Former Argentine President Carlos Menem was indicted by a federal judge Wednesday, accused of heading an "illicit organization" that illegally funneled weapons to Croatia and Ecuador during the 1990s.
In a 600-page indictment, Federal Judge Jorge Urso ordered Menem to remain in police custody, froze $3 million of his assets and restricted visits to a minimum at the Buenos Aires villa where the former president is being held.
Menem, who was president from 1989 to 1999 and implemented sweeping free-market reforms, was placed under house arrest June 7, after Urso ordered him held in connection with the arms trafficking case.
In the indictment, Urso ordered the 71-year-old Menem be tried for allegedly diverting 6,500 tons of weapons that were officially destined for Panama and Venezuela.
The shipments--to Croatia and Ecuador in the early and mid-1990s--allegedly occurred while those countries were under international arms embargoes. Ecuador and Peru waged a brief border war in 1995, and the embargo against Croatia stemmed from fighting in the former Yugoslav federation.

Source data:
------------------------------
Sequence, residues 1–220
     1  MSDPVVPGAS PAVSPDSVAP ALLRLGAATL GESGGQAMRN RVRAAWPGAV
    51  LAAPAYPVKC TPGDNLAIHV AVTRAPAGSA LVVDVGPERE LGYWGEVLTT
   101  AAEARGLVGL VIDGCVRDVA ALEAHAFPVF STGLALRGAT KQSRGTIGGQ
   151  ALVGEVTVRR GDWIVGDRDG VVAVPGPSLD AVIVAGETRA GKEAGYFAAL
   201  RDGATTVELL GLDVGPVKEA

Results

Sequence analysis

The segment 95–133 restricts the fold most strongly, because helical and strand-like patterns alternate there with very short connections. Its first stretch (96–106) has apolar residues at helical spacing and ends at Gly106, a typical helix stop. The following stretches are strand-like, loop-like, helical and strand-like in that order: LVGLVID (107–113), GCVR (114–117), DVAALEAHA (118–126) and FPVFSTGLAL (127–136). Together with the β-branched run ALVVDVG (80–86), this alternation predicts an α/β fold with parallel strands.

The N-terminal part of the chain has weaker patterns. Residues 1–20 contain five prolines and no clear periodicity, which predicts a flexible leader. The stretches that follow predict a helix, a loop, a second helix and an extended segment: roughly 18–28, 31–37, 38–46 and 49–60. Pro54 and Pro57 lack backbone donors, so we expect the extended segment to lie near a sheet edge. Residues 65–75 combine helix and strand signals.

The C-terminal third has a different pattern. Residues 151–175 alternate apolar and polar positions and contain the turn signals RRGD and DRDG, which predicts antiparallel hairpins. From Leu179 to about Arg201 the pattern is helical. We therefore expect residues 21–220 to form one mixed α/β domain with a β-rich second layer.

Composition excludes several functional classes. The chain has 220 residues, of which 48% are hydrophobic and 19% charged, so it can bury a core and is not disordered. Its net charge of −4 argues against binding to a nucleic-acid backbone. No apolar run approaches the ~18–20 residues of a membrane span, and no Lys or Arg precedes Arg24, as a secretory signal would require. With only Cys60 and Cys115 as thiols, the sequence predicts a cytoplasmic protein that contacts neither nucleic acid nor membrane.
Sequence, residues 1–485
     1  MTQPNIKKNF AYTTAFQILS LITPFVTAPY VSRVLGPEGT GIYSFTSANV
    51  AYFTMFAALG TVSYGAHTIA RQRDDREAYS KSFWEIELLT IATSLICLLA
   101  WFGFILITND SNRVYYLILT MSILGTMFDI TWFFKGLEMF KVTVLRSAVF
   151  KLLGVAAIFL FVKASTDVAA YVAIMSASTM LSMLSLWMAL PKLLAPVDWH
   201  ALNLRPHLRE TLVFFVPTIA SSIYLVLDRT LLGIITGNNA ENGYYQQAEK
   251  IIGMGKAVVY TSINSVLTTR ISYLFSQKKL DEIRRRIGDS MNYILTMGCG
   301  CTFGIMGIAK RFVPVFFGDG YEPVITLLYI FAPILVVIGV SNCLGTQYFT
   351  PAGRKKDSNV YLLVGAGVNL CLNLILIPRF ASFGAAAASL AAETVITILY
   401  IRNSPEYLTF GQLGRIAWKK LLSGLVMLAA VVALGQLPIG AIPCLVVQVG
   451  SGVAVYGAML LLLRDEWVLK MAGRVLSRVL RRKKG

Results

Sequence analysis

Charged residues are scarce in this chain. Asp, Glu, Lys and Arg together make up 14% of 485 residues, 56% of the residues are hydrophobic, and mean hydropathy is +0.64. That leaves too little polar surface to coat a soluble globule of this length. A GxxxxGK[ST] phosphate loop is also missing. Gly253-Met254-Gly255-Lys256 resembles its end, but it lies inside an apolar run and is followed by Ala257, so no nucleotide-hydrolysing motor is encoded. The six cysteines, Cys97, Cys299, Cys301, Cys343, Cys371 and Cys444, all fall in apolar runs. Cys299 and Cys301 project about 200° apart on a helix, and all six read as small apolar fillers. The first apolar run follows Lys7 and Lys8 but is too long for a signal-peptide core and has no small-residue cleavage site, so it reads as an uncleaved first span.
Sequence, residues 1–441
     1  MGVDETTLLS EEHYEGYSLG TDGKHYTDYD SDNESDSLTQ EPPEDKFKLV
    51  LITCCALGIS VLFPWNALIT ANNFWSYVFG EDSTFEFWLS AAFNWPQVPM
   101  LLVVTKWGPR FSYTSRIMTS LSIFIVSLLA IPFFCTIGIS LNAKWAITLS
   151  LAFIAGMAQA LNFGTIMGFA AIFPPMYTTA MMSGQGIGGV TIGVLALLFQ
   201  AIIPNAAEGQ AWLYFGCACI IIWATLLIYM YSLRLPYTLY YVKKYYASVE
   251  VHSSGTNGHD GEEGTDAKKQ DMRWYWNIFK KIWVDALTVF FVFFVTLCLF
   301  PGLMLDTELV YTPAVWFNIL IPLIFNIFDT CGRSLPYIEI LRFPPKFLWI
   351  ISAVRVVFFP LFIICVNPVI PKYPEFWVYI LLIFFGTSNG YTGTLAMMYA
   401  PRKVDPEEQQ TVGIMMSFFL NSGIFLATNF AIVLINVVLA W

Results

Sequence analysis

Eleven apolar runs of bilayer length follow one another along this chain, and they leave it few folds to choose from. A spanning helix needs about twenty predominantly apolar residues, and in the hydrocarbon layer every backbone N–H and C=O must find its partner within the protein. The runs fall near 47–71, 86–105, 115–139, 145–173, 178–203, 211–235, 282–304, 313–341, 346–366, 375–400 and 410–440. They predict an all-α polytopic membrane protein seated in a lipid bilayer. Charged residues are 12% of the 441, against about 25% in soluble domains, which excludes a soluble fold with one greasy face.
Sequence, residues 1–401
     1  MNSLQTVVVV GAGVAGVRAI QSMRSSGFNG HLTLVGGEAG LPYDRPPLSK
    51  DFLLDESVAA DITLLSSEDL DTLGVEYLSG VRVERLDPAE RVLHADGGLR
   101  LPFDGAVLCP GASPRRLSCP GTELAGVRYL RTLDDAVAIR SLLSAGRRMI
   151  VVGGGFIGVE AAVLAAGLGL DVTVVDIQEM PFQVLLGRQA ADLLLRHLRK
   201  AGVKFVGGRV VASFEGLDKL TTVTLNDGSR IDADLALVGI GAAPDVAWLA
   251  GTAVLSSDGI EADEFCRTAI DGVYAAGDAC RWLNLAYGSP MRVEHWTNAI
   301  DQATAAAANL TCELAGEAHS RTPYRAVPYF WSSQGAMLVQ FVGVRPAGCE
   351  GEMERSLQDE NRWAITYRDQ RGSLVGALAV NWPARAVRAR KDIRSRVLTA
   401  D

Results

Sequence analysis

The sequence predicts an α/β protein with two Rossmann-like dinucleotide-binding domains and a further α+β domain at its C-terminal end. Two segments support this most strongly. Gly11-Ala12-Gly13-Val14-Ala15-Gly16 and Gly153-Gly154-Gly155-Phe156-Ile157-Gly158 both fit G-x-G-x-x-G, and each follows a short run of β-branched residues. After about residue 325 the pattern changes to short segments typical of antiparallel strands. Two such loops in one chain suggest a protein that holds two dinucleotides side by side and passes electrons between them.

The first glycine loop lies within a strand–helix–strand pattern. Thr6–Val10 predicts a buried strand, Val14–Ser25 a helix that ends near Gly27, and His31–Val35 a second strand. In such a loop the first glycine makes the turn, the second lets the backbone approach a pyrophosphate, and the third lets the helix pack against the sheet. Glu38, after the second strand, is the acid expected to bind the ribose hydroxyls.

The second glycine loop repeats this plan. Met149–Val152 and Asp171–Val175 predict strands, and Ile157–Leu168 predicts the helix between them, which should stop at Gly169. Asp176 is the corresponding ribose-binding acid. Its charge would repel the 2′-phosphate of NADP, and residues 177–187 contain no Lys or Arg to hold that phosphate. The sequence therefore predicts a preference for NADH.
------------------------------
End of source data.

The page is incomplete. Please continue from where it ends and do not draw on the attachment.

Urso also indicted three former top Menem advisors, including Antonio Erman Gonzalez--a former defense minister--and former army Chief of Staff Martin Balza. Former Foreign Minister Guido di Tella also was indicted but was not ordered detained, judicial authorities said.
The indictment accuses Menem of operating "from the shadows" and undertaking a leading role in an "illicit association" that sought to profit from the arms sales. The sales were ordered by Menem and several high-ranking officials.
If convicted, Menem could be sentenced to five to 10 years in prison. The former president has repeatedly declared his innocence, calling the sales "absolutely legal."